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Jungle night brings out a wild crowd for Said the Whale

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It was jungle night at Henotic, Nov. 7, as a sold out room full of costumed jungle critters, explorers and Said the Whale put on an impressive show at Henotic, Nov. 7. Photo By Richard Ameryother odd characters took in three bands performing including Montreal rap/hip hop group Velvet Trench Vibes who had the jungle a jumping in the GCBC Lounge to rap backed by live bass, keyboards and  drums.
 Vancouver indie pop band Said the Whale were the main attraction on  the main floor though as they worked through much of their CDs. They also invited opening act Hannah Georgas on stage to sing back up for a song. Throughout theyJungle people at Henotic. Photo by Richard Amery had everybody  jumping and swarming about the dance floor. Said the Whale played tight with a lot of energy and a crisp and clear mix  so the audience could hear every note of guitar, piano and  beautiful vocal harmony being performed. Their music was catchy and energetic and pure unadulterated fun.

— By Richard Amery, L.A Beat Editor
Last Updated ( Thursday, 13 May 2010 11:47 )

Incura unplugged— almost

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Incura and Jesse and the Dandelions finished three straight days of gigs all over the city, Nov. 7 at the Slice.
 Jesse and the Dandelions have just released their debut EP. While I only caught their last song, an energetic pop rock number, they were called back for an encore of “Blister in the Sun.”.Incura vocalist Kyle Gruninger. Photo By Richard Amery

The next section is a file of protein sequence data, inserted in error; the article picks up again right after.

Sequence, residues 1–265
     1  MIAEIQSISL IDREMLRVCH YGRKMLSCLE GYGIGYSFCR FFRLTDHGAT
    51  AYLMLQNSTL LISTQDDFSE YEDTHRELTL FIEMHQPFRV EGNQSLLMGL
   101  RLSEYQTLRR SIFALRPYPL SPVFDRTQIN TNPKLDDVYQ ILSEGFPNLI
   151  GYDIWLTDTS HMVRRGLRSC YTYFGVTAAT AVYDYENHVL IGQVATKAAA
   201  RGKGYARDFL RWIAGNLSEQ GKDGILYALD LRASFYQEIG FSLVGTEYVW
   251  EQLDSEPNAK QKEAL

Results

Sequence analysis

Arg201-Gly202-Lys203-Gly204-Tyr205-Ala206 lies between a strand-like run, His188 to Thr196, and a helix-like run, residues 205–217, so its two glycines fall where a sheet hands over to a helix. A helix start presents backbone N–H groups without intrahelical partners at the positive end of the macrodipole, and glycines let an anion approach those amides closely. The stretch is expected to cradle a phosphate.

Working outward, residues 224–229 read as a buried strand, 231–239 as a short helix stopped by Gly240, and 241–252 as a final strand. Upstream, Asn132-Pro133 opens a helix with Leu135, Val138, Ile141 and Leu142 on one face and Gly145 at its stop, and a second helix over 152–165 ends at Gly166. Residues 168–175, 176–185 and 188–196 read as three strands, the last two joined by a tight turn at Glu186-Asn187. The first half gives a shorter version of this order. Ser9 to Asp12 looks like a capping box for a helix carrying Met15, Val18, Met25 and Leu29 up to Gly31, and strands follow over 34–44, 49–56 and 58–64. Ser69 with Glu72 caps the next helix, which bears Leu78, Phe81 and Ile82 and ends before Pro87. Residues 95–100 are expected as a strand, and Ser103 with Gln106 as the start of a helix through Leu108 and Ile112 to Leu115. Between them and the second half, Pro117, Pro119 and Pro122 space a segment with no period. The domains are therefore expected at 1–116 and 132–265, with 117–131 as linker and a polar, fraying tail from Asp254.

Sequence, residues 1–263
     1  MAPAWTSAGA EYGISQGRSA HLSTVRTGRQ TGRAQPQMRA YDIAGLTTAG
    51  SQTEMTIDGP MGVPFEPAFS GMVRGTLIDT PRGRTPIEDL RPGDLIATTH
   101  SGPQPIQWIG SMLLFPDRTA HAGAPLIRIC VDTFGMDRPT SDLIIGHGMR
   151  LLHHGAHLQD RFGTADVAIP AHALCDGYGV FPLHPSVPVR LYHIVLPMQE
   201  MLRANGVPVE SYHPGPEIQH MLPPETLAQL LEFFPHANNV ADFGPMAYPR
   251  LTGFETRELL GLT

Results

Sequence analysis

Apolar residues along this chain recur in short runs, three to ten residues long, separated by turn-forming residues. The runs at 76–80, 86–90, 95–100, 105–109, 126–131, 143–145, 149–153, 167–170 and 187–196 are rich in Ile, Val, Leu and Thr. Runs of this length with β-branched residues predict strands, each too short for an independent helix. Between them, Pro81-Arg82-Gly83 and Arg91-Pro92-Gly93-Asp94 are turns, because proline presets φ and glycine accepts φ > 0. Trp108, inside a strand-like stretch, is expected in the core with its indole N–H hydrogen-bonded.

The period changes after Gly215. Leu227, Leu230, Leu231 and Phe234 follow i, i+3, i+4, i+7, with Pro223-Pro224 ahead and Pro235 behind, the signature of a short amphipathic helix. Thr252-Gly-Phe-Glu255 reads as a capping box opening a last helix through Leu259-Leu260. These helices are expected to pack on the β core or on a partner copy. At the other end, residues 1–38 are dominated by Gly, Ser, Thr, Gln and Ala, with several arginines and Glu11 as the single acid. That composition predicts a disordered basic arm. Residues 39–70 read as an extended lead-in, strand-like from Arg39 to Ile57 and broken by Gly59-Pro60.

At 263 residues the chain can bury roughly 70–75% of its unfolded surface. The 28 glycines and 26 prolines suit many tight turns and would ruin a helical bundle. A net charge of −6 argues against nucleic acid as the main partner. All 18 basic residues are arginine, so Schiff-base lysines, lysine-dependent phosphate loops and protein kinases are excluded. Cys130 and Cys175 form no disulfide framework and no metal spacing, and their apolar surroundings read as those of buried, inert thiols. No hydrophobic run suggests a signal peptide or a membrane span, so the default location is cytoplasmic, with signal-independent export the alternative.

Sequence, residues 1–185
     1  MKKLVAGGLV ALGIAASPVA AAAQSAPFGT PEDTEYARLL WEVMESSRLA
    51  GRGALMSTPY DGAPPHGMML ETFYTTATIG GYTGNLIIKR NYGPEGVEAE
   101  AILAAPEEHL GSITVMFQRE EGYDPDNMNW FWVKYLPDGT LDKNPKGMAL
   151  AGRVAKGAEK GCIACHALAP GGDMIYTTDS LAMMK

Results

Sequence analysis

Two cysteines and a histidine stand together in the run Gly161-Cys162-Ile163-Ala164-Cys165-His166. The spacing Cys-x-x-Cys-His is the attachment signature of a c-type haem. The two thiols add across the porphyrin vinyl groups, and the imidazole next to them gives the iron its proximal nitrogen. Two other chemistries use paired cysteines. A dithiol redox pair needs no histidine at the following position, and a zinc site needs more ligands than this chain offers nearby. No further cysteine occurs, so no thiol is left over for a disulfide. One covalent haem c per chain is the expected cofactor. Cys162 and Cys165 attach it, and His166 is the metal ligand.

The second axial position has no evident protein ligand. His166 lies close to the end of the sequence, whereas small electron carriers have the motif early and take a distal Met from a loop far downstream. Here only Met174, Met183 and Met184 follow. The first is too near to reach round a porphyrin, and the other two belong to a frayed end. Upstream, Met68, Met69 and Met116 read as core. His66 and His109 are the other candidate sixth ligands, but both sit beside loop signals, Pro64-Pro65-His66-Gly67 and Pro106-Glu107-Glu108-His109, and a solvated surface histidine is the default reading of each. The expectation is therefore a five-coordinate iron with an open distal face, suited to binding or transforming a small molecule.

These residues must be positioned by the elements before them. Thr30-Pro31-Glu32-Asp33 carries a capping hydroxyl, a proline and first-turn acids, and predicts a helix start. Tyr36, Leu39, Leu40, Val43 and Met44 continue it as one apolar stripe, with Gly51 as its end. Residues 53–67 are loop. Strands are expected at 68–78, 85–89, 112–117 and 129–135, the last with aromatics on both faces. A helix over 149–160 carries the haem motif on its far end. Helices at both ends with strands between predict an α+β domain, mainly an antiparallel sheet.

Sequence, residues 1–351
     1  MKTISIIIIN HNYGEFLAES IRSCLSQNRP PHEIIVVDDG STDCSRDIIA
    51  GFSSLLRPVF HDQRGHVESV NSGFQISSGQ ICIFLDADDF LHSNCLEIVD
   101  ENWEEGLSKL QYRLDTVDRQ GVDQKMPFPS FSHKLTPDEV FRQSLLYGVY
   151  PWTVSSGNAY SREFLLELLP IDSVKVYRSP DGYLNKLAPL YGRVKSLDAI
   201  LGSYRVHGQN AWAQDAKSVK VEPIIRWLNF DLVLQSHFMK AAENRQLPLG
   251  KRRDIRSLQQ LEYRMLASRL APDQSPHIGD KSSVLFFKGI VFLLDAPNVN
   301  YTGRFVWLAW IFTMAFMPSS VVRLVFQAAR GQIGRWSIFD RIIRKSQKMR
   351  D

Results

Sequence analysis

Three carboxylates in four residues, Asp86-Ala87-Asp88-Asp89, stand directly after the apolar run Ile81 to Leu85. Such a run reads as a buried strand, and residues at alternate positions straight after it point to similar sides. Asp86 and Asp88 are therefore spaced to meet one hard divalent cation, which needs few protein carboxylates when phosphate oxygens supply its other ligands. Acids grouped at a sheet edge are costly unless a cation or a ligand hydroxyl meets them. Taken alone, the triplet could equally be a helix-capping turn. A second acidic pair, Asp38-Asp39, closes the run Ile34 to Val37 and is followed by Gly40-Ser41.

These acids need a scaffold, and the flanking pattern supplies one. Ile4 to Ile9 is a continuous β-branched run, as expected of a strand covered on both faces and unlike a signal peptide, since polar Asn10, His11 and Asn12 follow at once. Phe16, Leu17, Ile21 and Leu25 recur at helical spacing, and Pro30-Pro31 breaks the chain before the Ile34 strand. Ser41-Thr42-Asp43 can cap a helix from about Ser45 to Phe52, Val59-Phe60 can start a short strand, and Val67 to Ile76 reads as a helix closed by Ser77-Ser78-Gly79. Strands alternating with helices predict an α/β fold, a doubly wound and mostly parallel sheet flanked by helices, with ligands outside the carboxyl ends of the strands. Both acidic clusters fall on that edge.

Incura was the main event of the night  which had an almost full house cheering for an “unplugged” set. They weren’t unplugged, just turned down slightly, but which really worked for the Lethbridge born band who are now  based out of Vancouver.
The piano played a more prevalent part of the band’s dark, almost gothic sound and you could actually hear what  singer Kyle Gruninger was singing. There appeared to be some interesting guitar work  happening but I couldn’t hear a note,  because it was drowned out by powerful bass and drums.
But Gruninger has an impressive melodic tenor voice and stage presence to boot which was apparent in the show.

— By Richard Amery, L.A. Beat Editor


DeSouza glad to be back

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It’s good to be back for Lethbridge born musician Marq DeSouza  who played an intimate gig in the GCBC Lounge, Monday, Nov. 9. A light but loud crowd enjoyed it as DeSouza began with a nice set of Marq DeSouza and Shane Love entertained. Photo By Richard Ameryacoustic  music  of more country flavoured, Elliot Brood styled original which included quite a few  numbers from his newly re-released debut solo CD, “Temporary Redemption” including “Don’t Go Shooting Horses.” as well as new tracks like “Bar for the Broken Hearted” and “Solitaire Bound,” from his new CD “... And All His Boyish Charms.” The title is an apt description for the affable performer, who pretty much individually  thanked all of the dozen or so  in the audience for showing up to support him.
 He brought his friend Shane Love on stage to take up bass  for a more country flavoured set, then  drums for a more rock and blues flavoured set, which showed how diverse of a songwriter DeSouza is.